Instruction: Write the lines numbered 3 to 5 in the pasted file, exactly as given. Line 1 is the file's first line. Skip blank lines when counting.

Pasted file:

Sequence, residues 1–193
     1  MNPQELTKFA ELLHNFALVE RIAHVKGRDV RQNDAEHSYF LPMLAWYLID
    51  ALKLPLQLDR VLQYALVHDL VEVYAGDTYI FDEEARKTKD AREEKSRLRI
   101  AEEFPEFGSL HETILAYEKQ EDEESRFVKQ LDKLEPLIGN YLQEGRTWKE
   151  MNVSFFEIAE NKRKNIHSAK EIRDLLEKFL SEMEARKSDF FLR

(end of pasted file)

    51  ALKLPLQLDR VLQYALVHDL VEVYAGDTYI FDEEARKTKD AREEKSRLRI
   101  AEEFPEFGSL HETILAYEKQ EDEESRFVKQ LDKLEPLIGN YLQEGRTWKE
   151  MNVSFFEIAE NKRKNIHSAK EIRDLLEKFL SEMEARKSDF FLR